/ And paint the daytime black” it’s a startling reminder of what a stunning wordsmith he is how even an electric guitar can radiate beauty.

Of course Dylan carries on with “Maggie’s Farm,” a protest anthem set to electric blues guitars and swinging cymbal crashes. Much has been written about the lyrics to this song, which remains another of Dylan’s immortals. His repetition of certain verses throughout is in synch with traditional blues structures and it is widely agreed that Maggie’s farm is a reference to Dylan’s old persona as the protest poster child. In the opening stanza Dylan sings: “I got a head full of ideas
 / That are drivin' me insane / 
It's a shame the way she makes me scrub the floor” possibly referencing a fire inside of him to stir things up and tear down the house with his music but a public facade holding him back. The song could be viewed as his official departure from the folk/protest scene.

“Love Minus Zero/No Limit” floats along on guitar harmonics, Dylan’s whimsical vocals and lyrics like, “she’s true, like ice, like fire,” and is on the short list of Dylan’s most ga-ga romantic songs.

The latter side of Bringing It All Back Home opens with “Mr. Tambourine Man,” a decent song later made immortal (like many of his songs) by Roger McGuinn and The Byrds. The surreal song references Dylan’s experimentation with drugs (though he often says he never wrote “drug songs”) and the escapism that comes with it. “With all memory and fate driven deep beneath the waves, /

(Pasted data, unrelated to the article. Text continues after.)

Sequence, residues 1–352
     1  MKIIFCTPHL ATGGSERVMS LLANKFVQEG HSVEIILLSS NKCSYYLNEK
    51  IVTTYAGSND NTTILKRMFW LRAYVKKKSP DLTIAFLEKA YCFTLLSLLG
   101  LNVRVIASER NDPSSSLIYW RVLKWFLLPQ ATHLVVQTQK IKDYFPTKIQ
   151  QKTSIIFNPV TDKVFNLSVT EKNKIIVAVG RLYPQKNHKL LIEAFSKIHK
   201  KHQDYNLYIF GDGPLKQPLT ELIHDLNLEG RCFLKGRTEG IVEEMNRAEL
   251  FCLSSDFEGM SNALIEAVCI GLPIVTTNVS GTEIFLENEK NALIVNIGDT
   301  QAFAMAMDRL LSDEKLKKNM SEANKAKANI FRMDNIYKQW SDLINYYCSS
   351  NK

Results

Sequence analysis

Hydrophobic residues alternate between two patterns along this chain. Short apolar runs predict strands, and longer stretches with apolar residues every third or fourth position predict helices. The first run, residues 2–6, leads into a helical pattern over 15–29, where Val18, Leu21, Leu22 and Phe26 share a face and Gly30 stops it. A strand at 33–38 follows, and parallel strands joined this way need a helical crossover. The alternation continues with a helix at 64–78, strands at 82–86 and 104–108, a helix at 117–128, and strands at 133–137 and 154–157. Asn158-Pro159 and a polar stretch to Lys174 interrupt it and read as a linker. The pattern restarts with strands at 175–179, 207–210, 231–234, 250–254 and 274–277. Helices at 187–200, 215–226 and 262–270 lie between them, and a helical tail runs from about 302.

Let me forget about today until tomorrow.” Since the song is more recognized from its covers–both The Byrds and Sonny and Cher–the original is easy to overlook but Dylan is at his most abstract in its lyrics.

The real gem on side two is “It’s Alright, Ma (I’m Only Bleeding),” a magnum opus of poetry and a true sign of the times. The song features some of Dylan’s most puzzling and philosophical verses of any of his songs, with fifteen verses dissecting society’s ills in America and, in reference to the now infamous line “That he not busy being born / 
Is busy dying,” Dylan’s views on Capitalism’s hold over our lives.

An entire column could be written about this song’s breadth of lyrical brilliance and its links to future dissident genres–punk for example, or how about socially conscious rap–and each verse could be studied and pondered over. And people do.

Throughout the song Dylan wags his finger at the pitfalls of materialism (“toy guns that spark
/ To flesh-colored Christs that glow in the dark”), media manipulation (“Advertising signs that con you
/ Into thinking you're the one”), the immoral marriage of church and state (“principles baptized
/ To strict party platform ties
/ Social clubs in drag disguise”) and the money line on greed (“money doesn’t talk, it swears”). Dylan later closes:

And if my thought-dreams could be seen

They'd probably put my head in a guillotine

But it's alright, Ma, it's life, and life only

There is some hope buried between the fleshed out maladies. His notion that life needs to be lived, despite the temptation to get lost in suction of the political and social machine that is capitalism., offers a bit of solace in an otherwise desolate song.

In a 2004 interview with 60 Minutes' Ed Bradley, Dylan commented on the magic that occurred while writing "It's Alright Ma" and how that magic is gone. It's one of those songs that's so hypnotic, so well-written it amazes even Dylan himself, who, after 500+ songs in the bank, still marvels at it.